2. The Committee shall establish its own rules of procedure, but these rules shall provide, inter alia, that:
(a) Six members shall constitute a quorum;
(b) Decisions of the Committee shall be made by a majority vote of the members present.
3. The Secretary-General of the United Nations shall provide the necessary staff and facilities for the effective performance of the functions of the Committee under this Convention.
4. The Secretary-General of the United Nations shall convene the initial meeting of the Committee. After its initial meeting, the Committee shall meet at such times as shall be provided in its rules of procedure.
5. The States Parties shall be responsible for expenses incurred in connection with the holding of meetings of the States Parties and of the Committee, including reimbursement to the United Nations for any expenses, such as the cost of staff and facilities, incurred by the United Nations pursuant to paragraph 3 of this article. (amendment (see General Assembly resolution 47/111 of 16 December 1992); status of ratification)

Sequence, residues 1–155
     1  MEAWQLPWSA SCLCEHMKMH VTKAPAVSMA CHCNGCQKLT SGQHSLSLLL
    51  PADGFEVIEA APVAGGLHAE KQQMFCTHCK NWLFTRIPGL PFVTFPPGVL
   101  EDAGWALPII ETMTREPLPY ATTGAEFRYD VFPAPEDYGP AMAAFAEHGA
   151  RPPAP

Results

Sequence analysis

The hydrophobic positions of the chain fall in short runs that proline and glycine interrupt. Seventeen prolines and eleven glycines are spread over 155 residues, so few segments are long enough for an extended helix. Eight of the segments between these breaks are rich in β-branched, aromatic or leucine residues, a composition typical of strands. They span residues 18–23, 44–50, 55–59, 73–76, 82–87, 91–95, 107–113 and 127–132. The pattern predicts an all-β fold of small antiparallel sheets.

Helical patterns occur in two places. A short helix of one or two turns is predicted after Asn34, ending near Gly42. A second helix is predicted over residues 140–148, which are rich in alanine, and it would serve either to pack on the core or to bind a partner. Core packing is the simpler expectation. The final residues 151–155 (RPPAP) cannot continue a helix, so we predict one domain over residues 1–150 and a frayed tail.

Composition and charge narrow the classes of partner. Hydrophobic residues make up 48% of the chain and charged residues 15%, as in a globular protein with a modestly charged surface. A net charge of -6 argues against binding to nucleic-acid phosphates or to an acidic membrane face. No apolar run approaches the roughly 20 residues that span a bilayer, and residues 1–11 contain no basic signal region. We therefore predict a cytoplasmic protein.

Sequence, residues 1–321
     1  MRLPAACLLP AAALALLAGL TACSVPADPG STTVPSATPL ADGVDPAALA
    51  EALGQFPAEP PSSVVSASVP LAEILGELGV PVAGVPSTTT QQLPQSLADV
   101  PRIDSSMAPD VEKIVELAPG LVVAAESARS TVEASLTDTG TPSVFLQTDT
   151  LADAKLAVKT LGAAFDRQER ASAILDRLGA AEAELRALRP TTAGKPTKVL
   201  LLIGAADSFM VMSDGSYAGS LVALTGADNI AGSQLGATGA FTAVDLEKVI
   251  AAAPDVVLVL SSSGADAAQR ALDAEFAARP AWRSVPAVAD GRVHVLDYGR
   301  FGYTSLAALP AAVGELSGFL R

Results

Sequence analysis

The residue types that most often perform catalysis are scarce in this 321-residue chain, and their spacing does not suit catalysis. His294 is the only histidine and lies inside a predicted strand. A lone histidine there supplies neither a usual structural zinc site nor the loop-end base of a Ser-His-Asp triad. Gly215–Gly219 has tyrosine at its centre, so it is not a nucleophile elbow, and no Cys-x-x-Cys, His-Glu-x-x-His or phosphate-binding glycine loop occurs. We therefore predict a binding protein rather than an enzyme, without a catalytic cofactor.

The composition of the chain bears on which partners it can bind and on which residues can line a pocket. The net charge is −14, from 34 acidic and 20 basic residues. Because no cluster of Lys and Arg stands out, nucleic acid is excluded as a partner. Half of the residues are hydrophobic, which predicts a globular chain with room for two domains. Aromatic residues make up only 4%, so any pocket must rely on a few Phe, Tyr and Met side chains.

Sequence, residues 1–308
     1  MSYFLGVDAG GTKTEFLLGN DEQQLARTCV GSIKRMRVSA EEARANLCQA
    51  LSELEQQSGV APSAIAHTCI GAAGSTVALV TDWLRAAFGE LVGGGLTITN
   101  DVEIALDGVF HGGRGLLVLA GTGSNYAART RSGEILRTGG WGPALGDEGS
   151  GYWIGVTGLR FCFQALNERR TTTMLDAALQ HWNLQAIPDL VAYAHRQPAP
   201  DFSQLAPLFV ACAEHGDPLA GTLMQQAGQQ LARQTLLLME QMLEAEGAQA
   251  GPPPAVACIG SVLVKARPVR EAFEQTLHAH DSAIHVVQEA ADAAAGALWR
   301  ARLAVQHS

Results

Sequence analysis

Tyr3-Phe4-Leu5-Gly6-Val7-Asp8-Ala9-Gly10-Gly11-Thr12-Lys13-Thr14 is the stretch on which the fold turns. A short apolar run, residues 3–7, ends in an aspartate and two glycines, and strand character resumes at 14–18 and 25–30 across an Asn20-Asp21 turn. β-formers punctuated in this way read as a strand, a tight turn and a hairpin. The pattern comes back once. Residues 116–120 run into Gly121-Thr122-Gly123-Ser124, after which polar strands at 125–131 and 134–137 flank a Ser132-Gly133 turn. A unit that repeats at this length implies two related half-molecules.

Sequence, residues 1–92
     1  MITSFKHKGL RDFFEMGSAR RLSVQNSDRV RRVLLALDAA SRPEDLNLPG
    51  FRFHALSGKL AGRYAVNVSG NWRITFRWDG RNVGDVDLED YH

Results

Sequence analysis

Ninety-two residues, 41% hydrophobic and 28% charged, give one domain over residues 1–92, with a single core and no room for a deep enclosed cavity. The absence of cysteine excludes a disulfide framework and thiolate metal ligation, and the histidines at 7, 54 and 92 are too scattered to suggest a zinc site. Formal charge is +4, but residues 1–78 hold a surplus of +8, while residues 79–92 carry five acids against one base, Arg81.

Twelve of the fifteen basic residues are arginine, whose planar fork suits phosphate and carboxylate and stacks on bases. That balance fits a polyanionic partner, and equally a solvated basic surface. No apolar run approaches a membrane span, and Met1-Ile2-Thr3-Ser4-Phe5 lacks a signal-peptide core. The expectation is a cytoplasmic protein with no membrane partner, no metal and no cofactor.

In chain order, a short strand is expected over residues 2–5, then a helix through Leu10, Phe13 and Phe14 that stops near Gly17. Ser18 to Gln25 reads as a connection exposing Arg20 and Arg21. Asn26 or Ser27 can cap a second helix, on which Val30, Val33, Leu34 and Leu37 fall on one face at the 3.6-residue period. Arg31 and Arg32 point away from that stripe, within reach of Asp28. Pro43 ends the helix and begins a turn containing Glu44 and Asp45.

Article 19
1. The States Parties shall submit to the Committee, through the Secretary-General of the United Nations, reports on the measures they have taken to give effect to their undertakings under this Convention, within one year after the entry into force of the Convention for the State Party concerned. Thereafter the States Parties shall submit supplementary reports every four years on any new measures taken and such other reports as the Committee may request.
2. The Secretary-General of the United Nations shall transmit the reports to all States Parties.
3. Each report shall be considered by the Committee which may make such general comments on the report as it may consider appropriate and shall forward these to the State Party concerned. That State Party may respond with any observations it chooses to the Committee.
4. The Committee may, at its discretion, decide to include any comments made by it in accordance with paragraph 3 of this article, together with the observations thereon received from the State Party concerned, in its annual report made in accordance with article 24. If so requested by the State Party concerned, the Committee may also include a copy of the report submitted under paragraph I of this article.